The first sign that you’re entering the menopausal transition is usually a change in your menstrual cycles; periods can become closer together or further apart, and bleeding may be lighter or heavier, said Siobán Harlow, director of the Center for Midlife Science at the University of Michigan School of Public Health. These changes can be unpredictable and unnerving, and in women who experience heavier periods, it’s possible to have a dangerous amount of blood loss, warranting medical care, Dr. Harlow said.
At the same time, fluctuations in estrogen can cause someone to “start having hot flashes and night sweats, or get a migraine headache, or not sleep well, or feel super irritable,” Dr. Faubion said. Then, they might have a few normal cycles and a respite in symptoms, followed by a resurgence, she said. An array of other symptoms can also occur with the menopausal transition, including depression, anxiety, brain fog, changes to skin and hair, joint pain and vaginal dryness.
Once you go 60 days without bleeding, you’re in what’s known as the late menopausal transition; from here, most women will have their final period within two years, said Dr. Nanette Santoro, a professor of obstetrics and gynecology at the University of Colorado School of Medicine. In this stage, “symptoms tend to ramp up, so if they were annoying in the early transition, they get a little worse,” she said.
Hot flashes, sometimes accompanied by night sweats, are among the most common menopausal symptoms, experienced by as many as 80 percent of women. In one 2015 study of about 1,500 US women who experienced frequent hot flashes or night sweats, these symptoms lasted for an average of 7.4 years in all, usually beginning several years before their final period and continuing for an average of 4.5 years afterward. Women who began experiencing hot flashes earlier in the menopausal transition — before they hit the milestone of 60 days without a period — had to put up with these symptoms for longer, a total of 11.8 years on average. “If it begins early, it can be a very long, annoying menopause,” Dr. Santoro said, and given this, “you may want to seek help sooner rather than later.”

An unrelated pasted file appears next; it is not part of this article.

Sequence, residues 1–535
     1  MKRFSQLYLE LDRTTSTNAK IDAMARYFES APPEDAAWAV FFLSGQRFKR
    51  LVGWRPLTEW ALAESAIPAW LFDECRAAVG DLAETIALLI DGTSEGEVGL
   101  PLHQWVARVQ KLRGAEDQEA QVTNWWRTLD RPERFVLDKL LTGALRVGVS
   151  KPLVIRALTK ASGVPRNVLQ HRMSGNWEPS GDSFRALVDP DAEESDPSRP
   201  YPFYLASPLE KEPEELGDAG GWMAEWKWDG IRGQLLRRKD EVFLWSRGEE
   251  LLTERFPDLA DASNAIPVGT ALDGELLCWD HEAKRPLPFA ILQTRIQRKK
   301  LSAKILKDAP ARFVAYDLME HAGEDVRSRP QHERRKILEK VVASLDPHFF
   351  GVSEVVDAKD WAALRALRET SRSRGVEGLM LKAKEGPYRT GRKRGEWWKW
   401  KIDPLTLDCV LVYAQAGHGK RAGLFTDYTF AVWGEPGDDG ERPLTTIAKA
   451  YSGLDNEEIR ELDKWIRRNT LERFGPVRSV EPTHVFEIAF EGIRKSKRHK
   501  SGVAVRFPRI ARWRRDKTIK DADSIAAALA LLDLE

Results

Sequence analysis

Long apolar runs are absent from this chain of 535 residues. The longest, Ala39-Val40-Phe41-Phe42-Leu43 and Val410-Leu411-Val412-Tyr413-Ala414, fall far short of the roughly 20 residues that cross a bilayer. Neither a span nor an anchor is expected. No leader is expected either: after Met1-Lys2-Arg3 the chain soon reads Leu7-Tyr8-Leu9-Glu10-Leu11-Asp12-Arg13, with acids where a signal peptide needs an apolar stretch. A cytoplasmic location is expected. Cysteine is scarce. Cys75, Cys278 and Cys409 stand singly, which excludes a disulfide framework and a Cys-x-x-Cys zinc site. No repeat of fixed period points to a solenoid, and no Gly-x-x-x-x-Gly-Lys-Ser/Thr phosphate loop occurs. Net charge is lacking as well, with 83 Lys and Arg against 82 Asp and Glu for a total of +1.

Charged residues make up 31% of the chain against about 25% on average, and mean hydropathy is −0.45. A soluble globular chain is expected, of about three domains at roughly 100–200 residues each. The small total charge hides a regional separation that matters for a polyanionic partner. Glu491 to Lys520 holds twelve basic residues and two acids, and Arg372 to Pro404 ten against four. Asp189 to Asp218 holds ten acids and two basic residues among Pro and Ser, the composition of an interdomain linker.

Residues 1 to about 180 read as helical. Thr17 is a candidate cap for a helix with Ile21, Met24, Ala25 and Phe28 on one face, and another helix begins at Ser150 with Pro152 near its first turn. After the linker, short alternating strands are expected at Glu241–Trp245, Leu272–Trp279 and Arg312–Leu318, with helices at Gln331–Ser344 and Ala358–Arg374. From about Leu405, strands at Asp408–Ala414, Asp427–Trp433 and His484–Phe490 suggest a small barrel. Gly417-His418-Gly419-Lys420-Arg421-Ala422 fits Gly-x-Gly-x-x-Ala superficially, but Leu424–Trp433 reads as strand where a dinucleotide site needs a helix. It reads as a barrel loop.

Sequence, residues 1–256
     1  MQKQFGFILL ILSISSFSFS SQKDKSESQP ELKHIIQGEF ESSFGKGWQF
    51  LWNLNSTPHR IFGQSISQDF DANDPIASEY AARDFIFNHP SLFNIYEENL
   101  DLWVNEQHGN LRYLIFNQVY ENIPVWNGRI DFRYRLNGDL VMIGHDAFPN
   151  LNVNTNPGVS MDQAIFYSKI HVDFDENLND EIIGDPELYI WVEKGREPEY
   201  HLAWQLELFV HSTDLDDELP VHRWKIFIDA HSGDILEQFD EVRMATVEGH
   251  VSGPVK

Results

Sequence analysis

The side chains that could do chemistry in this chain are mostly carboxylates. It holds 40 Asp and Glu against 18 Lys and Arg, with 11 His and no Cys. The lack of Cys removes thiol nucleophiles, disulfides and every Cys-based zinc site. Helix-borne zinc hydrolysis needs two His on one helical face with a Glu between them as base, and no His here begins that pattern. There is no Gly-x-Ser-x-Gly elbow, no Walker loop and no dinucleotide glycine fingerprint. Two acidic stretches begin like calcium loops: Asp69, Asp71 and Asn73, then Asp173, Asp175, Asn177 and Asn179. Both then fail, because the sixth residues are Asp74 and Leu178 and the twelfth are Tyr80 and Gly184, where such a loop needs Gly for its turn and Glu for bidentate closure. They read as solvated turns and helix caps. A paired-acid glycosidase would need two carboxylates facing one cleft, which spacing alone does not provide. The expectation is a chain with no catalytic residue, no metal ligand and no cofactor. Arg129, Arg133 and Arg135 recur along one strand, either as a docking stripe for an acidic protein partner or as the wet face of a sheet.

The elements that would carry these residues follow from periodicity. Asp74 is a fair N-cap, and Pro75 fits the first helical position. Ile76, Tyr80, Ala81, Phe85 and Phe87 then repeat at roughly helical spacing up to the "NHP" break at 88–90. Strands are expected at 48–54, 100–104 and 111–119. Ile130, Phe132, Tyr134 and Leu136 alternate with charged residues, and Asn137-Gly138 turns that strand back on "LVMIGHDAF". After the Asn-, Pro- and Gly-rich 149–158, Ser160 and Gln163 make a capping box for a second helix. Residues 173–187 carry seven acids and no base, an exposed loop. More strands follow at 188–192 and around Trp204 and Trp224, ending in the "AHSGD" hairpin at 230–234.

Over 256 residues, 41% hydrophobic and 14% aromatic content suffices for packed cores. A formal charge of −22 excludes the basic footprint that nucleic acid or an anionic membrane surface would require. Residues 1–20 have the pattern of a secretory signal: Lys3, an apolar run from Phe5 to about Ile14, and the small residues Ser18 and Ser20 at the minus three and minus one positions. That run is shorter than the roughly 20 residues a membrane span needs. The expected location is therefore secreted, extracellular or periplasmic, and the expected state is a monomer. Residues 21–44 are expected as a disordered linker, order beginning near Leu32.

Of several racial and ethnic groups included in the 2015 study, women of Japanese and Chinese descent had the shortest duration of hot flash symptoms (an average of 4.8 and 5.4 years, respectively), and Black women had the longest, with an average of 10.1 years. In a study published in February, Dr. Harlow and her colleagues reviewed evidence that Black women in the United States also had, on average, earlier menopause and a greater incidence of depression and sleep disturbance associated with menopause when compared with white women. The authors proposed that these disparities could be linked, at least in part, to greater financial strain and life stress, experiences with discrimination and less physical activity — all of which, the authors noted in the study, “have roots in systemic racism.”